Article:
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The Twilight of Zoning

New Oregon law takes aim at smart-growth rules, excites developers Oregon's recently passed Measure 37 is threatening to sprawlify the state, even as it acts as a model for property-firsters across the nation who want to ease development restrictions. The measure mandates that the government compensate private landowners if zoning or land-use restrictions reduce the value of their property. Or, if cash-strapped governments can't afford to pay up, as is often the case, then they just can't restrict zoning. Smart-growth laws in communities across the country (including Oregon, for now) try to direct development to areas with existing roads and …

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Umbra on trains vs. cars

Dear Umbra, My girlfriend recently made a trip by train (about 600 kilometers, I'd guess), and it made me wonder just how much more ecological it is to travel by train instead of by car. What's your take on this? MichaelOttawa, Ontario, Canada Dearest Canadian Michael, The train, it is better. The car, it is the worst. That is my take, and I found a legitimate source that agrees -- namely, my favorite book. Let's all recite together: The Consumer's Guide to Effective Environmental Choices, from the Union of Concerned Scientists. All aboard. Photo: Gareth Hill. The UCS compiled its …

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Exhausted

Old diesel engines kill more than 20,000 Americans a year Particulate pollution generated by old diesel engines is killing more people per year than drunk driving, said a report released yesterday. Using data and methodologies from the U.S. EPA, the Clean Air Task Force and a coalition of public health groups found that more than 20,000 Americans -- particularly those in urban areas near bus stops, highways, truck stops, or construction sites -- die, and more than 400,000 visit the emergency room, each year after breathing in tiny particles of diesel exhaust. While the EPA has mandated the phase-in of …

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Umbra on renting hybrids and sharing cars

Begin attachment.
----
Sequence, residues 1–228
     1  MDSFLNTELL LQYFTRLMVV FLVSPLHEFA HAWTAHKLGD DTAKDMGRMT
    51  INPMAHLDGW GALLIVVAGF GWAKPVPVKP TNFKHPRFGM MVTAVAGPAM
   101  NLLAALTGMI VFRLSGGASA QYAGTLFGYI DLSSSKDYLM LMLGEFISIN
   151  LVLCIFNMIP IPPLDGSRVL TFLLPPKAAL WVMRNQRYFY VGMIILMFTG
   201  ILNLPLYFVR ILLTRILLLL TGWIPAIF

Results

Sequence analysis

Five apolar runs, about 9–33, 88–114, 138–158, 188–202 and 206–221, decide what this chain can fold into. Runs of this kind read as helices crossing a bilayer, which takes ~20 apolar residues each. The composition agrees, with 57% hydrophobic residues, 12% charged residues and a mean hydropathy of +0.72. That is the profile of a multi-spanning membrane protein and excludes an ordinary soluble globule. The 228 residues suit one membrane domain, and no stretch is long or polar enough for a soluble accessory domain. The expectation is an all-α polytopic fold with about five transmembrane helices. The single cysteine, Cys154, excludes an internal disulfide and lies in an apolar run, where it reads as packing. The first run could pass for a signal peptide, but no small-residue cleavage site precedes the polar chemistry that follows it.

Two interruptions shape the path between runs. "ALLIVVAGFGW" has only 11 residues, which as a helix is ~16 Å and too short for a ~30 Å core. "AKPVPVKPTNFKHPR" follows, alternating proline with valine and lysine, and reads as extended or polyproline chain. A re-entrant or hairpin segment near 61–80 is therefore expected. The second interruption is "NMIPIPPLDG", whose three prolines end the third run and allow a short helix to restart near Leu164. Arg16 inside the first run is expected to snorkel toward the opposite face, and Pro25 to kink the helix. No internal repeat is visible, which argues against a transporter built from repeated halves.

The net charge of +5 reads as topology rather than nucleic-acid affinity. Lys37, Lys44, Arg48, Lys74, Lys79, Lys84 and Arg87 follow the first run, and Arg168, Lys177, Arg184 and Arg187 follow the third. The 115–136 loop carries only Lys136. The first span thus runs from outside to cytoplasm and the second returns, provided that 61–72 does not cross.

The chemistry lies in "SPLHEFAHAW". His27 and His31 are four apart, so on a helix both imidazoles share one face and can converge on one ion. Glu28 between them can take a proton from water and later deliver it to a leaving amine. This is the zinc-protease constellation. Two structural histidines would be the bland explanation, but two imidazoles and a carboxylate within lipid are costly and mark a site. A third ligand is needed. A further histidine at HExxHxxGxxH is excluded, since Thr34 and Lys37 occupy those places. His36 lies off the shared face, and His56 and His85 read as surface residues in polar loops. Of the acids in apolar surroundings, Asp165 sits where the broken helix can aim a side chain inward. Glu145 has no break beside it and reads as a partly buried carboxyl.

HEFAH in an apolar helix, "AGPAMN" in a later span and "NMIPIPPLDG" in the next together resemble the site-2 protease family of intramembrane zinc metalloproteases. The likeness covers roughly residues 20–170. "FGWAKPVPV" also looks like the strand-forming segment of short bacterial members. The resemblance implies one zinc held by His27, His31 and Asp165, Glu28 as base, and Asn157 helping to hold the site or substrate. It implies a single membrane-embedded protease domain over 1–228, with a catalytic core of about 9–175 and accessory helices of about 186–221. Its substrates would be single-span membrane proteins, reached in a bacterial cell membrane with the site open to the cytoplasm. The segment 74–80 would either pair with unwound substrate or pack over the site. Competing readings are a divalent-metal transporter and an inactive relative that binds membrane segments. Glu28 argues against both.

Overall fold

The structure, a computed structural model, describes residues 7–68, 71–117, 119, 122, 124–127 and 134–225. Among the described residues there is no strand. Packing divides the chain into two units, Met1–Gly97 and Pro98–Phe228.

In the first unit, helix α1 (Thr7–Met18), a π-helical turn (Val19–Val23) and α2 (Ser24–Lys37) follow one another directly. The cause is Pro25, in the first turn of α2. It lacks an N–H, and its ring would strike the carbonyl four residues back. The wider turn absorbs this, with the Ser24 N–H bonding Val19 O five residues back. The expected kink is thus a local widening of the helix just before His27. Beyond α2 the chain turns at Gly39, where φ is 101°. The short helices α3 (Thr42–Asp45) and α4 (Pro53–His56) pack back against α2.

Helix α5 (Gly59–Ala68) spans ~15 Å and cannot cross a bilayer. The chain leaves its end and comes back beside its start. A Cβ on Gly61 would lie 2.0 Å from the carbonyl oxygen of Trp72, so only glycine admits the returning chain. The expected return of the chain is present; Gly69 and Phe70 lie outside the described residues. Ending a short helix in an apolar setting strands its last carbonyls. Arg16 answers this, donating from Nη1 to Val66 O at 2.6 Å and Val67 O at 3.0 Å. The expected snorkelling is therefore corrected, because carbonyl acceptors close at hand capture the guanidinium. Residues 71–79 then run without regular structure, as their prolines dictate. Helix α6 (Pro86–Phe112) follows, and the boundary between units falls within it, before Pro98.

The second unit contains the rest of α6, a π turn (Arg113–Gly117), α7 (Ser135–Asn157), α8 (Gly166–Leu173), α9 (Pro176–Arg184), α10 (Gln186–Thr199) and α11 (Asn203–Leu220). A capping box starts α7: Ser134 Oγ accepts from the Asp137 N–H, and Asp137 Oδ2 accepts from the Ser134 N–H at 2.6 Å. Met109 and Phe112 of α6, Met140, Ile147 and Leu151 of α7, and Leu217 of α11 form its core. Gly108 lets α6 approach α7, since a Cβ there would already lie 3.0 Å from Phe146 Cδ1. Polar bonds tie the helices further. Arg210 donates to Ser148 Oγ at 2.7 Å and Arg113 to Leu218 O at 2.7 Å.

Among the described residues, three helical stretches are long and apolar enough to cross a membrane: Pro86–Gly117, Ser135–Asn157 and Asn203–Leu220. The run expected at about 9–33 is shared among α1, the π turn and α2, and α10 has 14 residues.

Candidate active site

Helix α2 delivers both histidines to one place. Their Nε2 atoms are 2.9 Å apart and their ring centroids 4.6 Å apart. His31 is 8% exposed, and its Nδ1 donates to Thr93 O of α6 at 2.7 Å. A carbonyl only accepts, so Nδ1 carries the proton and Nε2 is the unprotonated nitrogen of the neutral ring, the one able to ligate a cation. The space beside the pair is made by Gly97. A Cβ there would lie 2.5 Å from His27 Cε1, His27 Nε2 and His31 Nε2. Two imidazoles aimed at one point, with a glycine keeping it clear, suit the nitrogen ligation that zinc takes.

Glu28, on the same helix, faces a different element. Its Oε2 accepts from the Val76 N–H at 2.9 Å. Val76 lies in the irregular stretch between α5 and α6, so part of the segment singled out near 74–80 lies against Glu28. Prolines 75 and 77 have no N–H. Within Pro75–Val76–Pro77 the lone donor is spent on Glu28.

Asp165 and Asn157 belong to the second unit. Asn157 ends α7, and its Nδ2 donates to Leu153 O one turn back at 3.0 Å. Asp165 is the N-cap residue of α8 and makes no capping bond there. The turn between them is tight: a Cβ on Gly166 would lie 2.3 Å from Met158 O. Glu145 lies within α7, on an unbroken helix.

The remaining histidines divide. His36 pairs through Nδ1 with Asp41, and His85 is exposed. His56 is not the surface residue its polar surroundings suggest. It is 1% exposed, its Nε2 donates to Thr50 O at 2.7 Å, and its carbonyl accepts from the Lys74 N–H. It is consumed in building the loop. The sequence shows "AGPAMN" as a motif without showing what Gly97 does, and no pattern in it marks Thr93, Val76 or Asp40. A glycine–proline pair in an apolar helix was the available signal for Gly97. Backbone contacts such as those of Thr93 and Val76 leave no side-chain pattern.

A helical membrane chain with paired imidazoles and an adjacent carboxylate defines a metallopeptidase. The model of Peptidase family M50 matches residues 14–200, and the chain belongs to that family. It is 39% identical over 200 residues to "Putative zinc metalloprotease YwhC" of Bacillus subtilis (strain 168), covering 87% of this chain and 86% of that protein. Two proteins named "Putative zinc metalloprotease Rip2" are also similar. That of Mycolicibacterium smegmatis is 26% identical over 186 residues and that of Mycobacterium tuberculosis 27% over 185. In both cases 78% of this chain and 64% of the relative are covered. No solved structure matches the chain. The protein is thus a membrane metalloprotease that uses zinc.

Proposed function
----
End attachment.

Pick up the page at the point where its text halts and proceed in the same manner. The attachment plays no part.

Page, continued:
Dear Umbra, Do you know of any car-rental companies that offer hybrids? I have heard of a bunch in environmentally friendly California, but my quick search in the Boston area has turned up nil. With high gas prices, I think I'm brewing up a new campaign! JeanDorchester, Mass. Dearest Jean, An environmentally focused rental group, EV Rental Cars, has joined forces with a big-name rental company, Budget, to offer hybrid choices in select "markets": Washington, D.C., major metropolitan areas in California, and parts of Arizona, Nevada, and Virginia. That might help some Grist readers, but it doesn't help you, Jean. …

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Bill Walsh, founder of the Healthy Building Network, answers questions

Bill Walsh. What work do you do? I'm the founder and national coordinator of the Healthy Building Network. How does it relate to the environment? The Healthy Building Network is the only organization dedicated to linking green building strategies to the specific goals of the environmental-health movement. Our goal is to shift market demand in the building and construction industry away from what we call worst in class building materials, and toward healthier, commercially available alternatives, competitively priced and equal or superior in performance. Right now, stopping the use of polyvinyl chloride plastic, also known as PVC or vinyl, is …

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Ansje Miller sends a dispatch from a conference on transportation and justice